“Are we going to get snow for Christmas?” I asked.

“They’re saying we might get a dusting,” Mom replied.

Soon my father, who had worked all day, retired for the night; and…

View original post 419 more words

Walking In Faith Through Adoption


Birth pangs (or adoption woes) are forgotten in the joy of a child

Walking my dog in the field today, I was thinking (and praying) for a young couple who are just beginning the adoption process. Looking back on my experiences, I know a lot can go wrong.

My daughter was a high-risk adoption because her birth father disappeared before he could sign his consent papers, leaving no forwarding address. Her birth mother signed her consent but later tried to rescind. She was in prison at the time she gave birth for multiple felonies of possessing drugs with the intent to sell. Three weeks after the birth, she contacted our lawyer to let him know she wanted her baby back. She and the birth father had re-kindled their on-again, off-again relationship and now wanted the chance to raise their baby together. Considering his criminal history and hers, there was no way we were going to let that happen. Even though it was a long fight, God provided witnesses who demonstrated she had been fully aware when she signed her consent for the adoption. The father’s parenting rights were terminated and almost one year after we had first taken her home, our daughter’s adoption was finally finalized. Even though the long legal battle was costly, God provided all the money we needed.

A little less than three years later, my son was born nine weeks premature. We were told he would need to stay in the hospital until his original due date. We had planned for a two-week stay in his birth state to complete his adoption. A two-month stay seemed inconceivable. This was compounded by the fact we had no guarantees that he would not have any long-term damage from being born so early and no plan for how we would pay the high costs of the NICU. We adopted him on pure faith, believing God had called us and trusting He would, once again, provide for our needs. After only two weeks in the hospital, our son was able to come home. His birth state paid most of his medical bills and he has had no long-term consequences from his premature birth. Once again, we saw God work miracles to His glory.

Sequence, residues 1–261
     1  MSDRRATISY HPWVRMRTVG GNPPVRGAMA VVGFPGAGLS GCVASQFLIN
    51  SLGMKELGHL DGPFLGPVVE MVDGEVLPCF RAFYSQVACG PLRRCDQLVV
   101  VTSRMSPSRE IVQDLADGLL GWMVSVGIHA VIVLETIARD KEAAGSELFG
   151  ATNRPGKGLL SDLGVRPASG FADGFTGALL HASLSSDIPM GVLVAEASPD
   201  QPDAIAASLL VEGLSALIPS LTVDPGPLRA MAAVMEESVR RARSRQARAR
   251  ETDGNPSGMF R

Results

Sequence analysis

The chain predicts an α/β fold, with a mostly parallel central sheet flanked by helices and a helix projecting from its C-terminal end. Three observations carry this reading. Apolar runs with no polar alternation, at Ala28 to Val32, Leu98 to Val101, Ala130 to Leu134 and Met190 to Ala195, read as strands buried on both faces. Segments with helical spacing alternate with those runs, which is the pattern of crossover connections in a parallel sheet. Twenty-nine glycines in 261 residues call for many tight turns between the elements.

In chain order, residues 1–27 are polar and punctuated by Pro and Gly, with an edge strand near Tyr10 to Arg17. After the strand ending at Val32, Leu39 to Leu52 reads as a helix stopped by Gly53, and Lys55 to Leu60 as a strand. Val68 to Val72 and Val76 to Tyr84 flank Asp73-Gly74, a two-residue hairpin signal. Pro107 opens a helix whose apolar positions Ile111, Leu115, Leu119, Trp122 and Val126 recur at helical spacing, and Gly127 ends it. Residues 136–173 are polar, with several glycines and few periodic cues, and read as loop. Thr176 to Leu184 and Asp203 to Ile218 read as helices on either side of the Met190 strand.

But even knowing all that can go wrong in an adoption, I would do it all again. While my husband and I joke that we had trial-by-fire adoptions, these experiences grew our faith exponentially and made us who we are today. So I can pray for this young couple with insight, asking God to shield them from the trials, while at the same time knowing He will protect them if trials should come.

In some ways, these difficult circumstances are like the birth process. Pregnancy and delivery may be hard, but the rewards so outshine the difficulties that we soon forget them.

~Kyleen Stevenson-Braxton

A Journey to Brother Love, Part 2


, , , , , , , , ,

With my brothers in 2014

My brother and I with our half-brother (center) in 2014

In the post, A Journey to Brother Love, Part 1, I shared how as an adult I was shocked to learn I had a half-brother. I only met him once, 18 years ago. The opportunity arose to meet him again recently. I didn’t want any regrets, so I traveled to see him.

From the moment we were reunited, my brother was friendly and open, even greeting me with a hug. It felt very welcoming. He is a charming and engaging man. Yet for me, the time spent together was surreal.

What do you say? How do you communicate with a brother who was raised by maternal grandparents since he was two years old because his mother died and he was abandoned by his father (my father)?

Does he even want relationship with me (us)? After all, we were the chosen family.

My parents were married for 17 years before they divorced. I was nine years old at the time. I had my own wounds. It took me years to work through them and forgive my father.